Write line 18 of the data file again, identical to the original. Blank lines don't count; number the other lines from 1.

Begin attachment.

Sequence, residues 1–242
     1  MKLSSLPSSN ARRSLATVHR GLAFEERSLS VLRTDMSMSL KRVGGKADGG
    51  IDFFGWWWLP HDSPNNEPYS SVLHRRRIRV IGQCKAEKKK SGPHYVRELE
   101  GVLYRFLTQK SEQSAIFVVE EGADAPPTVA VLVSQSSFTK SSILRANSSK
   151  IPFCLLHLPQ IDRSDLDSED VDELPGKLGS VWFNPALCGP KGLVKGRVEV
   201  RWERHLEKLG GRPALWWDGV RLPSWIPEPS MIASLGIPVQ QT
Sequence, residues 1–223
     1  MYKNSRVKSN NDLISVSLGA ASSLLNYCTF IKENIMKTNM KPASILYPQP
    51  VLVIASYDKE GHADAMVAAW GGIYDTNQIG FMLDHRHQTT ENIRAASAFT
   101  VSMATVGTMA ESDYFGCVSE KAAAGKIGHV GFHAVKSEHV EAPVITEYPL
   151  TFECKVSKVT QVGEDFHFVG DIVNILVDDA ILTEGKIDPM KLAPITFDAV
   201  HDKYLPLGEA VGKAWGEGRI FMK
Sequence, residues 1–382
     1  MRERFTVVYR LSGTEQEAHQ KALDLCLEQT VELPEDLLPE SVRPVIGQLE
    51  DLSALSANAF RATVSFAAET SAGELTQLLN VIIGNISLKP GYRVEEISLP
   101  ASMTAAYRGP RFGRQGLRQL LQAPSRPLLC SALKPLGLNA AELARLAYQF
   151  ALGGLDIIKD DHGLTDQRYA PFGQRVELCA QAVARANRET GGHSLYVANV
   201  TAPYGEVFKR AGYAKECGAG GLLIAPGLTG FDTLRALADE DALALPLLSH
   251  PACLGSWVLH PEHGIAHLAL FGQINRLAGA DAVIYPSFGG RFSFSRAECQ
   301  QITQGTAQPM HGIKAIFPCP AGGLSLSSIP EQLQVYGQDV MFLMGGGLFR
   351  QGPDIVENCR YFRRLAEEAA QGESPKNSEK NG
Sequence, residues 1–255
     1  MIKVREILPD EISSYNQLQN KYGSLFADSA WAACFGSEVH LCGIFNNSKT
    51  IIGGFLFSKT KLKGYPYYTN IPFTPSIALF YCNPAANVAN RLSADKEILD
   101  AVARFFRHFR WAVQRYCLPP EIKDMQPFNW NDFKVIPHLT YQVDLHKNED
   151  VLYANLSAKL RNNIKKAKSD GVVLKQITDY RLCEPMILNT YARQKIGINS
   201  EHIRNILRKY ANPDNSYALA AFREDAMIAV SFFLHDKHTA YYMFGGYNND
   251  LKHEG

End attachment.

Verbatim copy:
   201  TAPYGEVFKR AGYAKECGAG GLLIAPGLTG FDTLRALADE DALALPLLSH